Dollars & Sense: post COVID-19 labor market
The post-COVID-19 labor market recovery is like this summer’s weather: scorching.
The government reported that 528,000 jobs were created in July, more than twice the consensus estimate. With positive revisions to the prior two months, the total number of jobs has returned to February 2020 pre-pandemic levels.
The monthly gains were broad-based, though post-pandemic performance has favored some sectors much more so than others in the two-plus years since the labor market bottomed out.
For example, leisure and hospitality is down 1.21 million jobs since February 2020, recouping about 85 percent of the jobs lost between March and April 2020.
Similarly, government employment is 597,000 lower than its pre-pandemic level. Retail trade, construction and manufacturing employment are above pre-pandemic levels (+208,000, +82,000, +41,000, respectively); while the professional and business service sector has added almost one million more positions (+986,000) than it had in February 2020 and transportation and warehousing has an additional 745,000 jobs than it had before the pandemic hit.
The unemployment rate ticked down to 3.5 percent in July, matching the pre-pandemic 50-year low, though that is partially due to a slight drop in the participation rate, which remains below its February 2020 value of 63.4 percent.
While most of the prime age workers (ages 25-54) have returned to the labor force in the same numbers as before COVID-19, older Americans are not rejoining the labor force in huge numbers and the continued low level of immigration “suggest that participation may not reach the levels hit pre-pandemic,” according to Diane Swonk, Chief Economist at Grant Thornton.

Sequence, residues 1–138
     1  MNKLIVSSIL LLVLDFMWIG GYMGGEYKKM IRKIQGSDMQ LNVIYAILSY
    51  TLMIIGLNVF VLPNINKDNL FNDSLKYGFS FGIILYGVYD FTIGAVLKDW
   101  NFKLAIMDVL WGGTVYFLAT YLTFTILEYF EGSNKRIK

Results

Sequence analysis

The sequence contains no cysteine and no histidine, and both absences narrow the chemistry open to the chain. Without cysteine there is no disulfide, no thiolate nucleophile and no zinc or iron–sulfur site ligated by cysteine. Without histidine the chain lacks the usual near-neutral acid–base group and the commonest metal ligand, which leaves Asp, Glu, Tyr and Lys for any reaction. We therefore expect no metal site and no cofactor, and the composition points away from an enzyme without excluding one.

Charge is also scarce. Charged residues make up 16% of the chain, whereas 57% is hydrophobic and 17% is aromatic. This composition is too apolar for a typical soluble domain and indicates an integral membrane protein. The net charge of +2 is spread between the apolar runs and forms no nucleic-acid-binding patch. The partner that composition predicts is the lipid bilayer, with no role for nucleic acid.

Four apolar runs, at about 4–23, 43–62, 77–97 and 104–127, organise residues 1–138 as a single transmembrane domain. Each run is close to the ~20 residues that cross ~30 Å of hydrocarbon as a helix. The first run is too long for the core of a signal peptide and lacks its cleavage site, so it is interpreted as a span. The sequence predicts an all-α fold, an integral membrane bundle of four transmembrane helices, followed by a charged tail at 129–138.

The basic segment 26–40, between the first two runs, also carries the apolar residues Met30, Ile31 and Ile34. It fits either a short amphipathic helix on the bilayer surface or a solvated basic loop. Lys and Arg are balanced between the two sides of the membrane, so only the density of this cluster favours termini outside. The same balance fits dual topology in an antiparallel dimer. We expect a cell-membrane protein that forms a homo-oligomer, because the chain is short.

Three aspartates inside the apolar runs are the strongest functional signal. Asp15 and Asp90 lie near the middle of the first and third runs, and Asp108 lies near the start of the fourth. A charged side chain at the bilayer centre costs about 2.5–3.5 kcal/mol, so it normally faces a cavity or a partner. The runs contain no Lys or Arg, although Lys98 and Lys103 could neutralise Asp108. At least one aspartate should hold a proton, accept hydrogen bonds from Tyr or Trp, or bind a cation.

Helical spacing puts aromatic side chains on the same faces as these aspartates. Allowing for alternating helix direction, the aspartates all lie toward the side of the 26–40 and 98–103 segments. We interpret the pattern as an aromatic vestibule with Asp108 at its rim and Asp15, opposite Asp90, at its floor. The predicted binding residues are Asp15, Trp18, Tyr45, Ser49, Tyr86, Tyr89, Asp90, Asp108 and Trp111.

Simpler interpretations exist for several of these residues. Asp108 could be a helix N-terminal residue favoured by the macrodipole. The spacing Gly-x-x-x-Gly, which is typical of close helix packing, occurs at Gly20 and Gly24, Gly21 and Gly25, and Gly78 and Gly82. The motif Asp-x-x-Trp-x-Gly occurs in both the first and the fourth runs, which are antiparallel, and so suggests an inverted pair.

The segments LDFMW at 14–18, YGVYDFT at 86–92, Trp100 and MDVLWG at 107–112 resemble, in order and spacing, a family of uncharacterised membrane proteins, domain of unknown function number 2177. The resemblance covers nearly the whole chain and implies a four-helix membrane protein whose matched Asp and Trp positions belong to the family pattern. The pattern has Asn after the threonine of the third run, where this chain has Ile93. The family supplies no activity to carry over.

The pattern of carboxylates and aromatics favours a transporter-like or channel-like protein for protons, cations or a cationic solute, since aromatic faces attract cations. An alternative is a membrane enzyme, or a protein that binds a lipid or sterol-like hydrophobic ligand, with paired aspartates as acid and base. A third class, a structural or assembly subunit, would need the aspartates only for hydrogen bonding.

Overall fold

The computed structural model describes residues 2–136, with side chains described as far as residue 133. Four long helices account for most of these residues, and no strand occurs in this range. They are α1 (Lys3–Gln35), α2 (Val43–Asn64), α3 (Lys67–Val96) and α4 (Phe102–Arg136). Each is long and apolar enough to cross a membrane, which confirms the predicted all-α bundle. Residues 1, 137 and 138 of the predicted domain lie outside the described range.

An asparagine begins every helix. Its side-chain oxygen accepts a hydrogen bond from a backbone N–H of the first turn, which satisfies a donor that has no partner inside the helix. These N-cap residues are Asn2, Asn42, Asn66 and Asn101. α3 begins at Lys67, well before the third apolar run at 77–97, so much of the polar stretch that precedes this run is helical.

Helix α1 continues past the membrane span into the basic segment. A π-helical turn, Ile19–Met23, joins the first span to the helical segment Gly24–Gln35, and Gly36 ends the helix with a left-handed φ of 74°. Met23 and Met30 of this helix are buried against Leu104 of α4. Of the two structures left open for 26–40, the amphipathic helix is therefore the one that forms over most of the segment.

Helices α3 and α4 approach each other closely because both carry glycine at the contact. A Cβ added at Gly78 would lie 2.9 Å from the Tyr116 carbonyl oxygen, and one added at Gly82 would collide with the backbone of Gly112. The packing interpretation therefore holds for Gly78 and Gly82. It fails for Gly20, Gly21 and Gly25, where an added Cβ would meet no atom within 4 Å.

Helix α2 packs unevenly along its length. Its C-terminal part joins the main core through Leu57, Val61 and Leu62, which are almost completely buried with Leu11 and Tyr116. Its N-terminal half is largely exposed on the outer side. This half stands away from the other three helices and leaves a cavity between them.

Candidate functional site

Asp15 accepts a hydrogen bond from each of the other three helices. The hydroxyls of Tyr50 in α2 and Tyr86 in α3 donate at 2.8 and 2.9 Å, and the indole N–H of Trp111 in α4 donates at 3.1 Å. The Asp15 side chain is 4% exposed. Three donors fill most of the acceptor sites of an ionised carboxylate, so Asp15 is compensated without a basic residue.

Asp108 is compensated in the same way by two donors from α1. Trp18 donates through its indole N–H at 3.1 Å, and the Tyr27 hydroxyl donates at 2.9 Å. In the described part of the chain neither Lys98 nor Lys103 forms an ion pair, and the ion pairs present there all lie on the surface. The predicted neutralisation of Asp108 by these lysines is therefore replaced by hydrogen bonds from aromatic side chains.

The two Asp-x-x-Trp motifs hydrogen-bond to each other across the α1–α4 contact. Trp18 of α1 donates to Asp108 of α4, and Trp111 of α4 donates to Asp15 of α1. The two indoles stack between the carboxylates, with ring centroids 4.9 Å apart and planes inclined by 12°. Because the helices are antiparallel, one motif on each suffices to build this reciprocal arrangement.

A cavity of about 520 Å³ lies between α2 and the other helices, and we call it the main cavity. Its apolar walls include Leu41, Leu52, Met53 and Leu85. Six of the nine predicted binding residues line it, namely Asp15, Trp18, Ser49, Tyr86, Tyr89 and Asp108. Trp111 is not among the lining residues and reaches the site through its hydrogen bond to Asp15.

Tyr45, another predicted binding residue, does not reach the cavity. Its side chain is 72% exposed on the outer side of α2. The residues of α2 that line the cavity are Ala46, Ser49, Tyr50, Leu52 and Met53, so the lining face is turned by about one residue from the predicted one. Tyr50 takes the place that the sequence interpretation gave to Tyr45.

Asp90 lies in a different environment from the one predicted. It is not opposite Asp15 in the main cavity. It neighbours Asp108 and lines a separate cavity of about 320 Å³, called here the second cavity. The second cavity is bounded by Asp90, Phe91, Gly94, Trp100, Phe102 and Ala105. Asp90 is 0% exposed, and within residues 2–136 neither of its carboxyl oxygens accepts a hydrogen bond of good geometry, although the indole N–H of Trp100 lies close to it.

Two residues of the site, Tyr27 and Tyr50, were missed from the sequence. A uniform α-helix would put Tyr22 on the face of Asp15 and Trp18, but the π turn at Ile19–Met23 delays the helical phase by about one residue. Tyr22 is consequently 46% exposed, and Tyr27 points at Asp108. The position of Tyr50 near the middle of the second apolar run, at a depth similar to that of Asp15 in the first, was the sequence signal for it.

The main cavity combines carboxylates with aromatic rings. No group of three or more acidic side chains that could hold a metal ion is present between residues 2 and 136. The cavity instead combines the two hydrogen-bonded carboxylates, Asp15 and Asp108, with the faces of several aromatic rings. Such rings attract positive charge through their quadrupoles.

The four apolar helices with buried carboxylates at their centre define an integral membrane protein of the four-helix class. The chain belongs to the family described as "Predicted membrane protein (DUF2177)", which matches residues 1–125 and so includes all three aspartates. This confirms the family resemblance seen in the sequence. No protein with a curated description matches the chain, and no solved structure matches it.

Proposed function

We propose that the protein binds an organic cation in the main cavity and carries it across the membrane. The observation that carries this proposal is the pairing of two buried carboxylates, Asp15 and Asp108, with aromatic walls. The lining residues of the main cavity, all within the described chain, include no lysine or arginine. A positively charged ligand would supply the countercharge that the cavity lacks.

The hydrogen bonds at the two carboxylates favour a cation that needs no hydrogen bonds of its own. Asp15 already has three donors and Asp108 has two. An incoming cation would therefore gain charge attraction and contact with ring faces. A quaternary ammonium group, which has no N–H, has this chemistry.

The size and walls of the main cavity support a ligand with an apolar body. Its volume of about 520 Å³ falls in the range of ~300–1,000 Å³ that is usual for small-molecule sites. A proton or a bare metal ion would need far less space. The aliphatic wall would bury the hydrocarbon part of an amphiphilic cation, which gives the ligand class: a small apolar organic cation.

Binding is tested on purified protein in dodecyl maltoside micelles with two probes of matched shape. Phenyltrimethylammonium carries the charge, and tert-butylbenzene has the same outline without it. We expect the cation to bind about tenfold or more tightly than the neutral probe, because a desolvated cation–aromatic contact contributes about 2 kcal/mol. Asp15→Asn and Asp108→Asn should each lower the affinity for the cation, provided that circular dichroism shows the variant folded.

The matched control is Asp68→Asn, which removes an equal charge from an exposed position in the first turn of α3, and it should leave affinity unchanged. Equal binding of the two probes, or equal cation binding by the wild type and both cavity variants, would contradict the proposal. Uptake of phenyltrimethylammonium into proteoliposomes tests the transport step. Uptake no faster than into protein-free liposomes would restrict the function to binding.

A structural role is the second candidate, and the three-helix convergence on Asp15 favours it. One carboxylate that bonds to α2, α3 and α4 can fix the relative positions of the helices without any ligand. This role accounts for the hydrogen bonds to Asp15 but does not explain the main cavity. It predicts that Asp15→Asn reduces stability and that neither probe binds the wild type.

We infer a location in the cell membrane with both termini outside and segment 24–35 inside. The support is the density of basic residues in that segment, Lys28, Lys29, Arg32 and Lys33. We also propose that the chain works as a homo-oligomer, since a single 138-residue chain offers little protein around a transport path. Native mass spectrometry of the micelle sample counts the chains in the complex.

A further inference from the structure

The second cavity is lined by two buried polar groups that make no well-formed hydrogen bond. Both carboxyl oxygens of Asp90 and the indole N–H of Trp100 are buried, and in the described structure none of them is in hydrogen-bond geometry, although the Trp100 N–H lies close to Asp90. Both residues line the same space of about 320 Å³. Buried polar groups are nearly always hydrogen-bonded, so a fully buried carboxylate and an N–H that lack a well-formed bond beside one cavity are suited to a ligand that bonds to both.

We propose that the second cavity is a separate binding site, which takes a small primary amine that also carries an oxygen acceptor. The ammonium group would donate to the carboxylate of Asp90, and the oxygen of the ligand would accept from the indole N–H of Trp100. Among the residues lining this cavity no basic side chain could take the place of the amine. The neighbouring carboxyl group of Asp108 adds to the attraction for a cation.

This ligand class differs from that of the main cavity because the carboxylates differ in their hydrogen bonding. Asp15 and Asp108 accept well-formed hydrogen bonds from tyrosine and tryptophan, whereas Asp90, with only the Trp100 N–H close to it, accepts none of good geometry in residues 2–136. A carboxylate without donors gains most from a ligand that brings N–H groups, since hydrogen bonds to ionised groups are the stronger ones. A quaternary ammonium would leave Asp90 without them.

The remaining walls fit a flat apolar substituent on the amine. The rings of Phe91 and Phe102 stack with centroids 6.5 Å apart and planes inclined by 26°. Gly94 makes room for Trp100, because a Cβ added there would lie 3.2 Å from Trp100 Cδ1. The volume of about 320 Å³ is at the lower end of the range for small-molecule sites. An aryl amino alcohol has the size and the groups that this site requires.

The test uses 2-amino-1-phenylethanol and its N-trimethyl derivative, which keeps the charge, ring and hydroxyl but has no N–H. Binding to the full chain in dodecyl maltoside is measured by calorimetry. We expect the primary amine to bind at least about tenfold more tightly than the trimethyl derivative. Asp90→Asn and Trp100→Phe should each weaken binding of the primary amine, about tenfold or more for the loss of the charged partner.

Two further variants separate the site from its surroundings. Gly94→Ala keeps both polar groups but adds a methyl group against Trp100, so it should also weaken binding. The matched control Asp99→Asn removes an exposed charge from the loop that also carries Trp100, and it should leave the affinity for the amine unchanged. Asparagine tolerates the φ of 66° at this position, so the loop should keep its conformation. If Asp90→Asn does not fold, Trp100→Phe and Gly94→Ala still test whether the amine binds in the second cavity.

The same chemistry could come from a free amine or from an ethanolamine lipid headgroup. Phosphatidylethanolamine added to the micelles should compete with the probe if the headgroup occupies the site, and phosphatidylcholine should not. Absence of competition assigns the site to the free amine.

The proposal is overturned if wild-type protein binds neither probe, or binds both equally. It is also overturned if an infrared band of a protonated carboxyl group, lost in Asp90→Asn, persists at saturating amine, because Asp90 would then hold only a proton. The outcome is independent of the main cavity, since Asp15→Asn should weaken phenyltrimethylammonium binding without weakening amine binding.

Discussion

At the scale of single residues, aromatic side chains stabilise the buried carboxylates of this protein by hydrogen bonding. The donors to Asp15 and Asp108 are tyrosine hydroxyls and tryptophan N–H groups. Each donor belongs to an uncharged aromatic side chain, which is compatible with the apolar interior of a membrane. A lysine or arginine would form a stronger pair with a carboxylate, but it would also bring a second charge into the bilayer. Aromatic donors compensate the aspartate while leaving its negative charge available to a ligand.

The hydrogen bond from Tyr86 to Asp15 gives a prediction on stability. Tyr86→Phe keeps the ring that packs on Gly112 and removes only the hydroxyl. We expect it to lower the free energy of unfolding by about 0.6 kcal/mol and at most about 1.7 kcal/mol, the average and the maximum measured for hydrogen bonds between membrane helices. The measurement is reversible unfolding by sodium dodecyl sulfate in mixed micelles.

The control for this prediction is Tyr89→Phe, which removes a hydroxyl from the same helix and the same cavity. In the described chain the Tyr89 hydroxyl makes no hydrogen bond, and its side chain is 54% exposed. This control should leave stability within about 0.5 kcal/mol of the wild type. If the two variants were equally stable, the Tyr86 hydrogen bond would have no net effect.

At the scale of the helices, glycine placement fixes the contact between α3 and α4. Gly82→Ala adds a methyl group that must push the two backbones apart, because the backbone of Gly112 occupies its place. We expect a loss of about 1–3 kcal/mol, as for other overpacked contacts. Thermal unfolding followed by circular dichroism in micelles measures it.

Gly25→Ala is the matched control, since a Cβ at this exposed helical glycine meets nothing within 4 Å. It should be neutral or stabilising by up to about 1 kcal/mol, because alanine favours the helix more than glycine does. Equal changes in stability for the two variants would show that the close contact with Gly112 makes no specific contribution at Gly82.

The July report is more important than the report that job openings fell to their lowest level in nine months and makes “a mockery of claims that the economy is on the brink of recession,” according to analysts at Capital Economics. (While the number of openings fell from 11.3 million in May to 10.7 million in June, they remain higher than they were a year ago and have seen a more than 50 percent increase from before the pandemic.)
“The U.S. labor market remains hot as demand is still elevated and joblessness is low,” says Nick Bunker, director of economic research at Indeed Hiring Lab. He wrote that before the July employment report, noting that “employer demand for workers remains strong.”
Of course, with two quarters of negative GDP growth in 2022, Bunker also understands that recession worries are elevated. For those who are apoplectic about the R-Word, Bunker has a message: “The outlook for economic growth may not be as rosy as it was a few months ago, but there’s no sign of imminent danger in the labor market.”
The sizzling report also means that the Fed is set to keep raising interest rates when the central bank meets in September, November, and December. The stubbornly high Consumer Price Index underscores that inflation should be the Fed’s focus and that the labor market can withstand a slowdown.
The concern is that wage growth might decelerate before prices come down. To fund the gap between income and expenses, many Americans are using excess pandemic savings to supplement income amid the current period of high prices.
Others have already depleted their reserves and have been borrowing to fund the gap. Credit card balances jumped by $46 billion in the second quarter from the first quarter, according to the Federal Reserve Bank of New York—that’s a 13 percent increase from a year ago, the largest annual increase in more than two decades.
Not surprisingly, card usage is rising the most for younger consumers and those who already have low credit scores.
Jill Schlesinger, CFP, is a CBS News business analyst. A former options trader and CIO of an investment advisory firm, she welcomes comments and questions at firstname.lastname@example.org. Check her website at www.jillonmoney.com.
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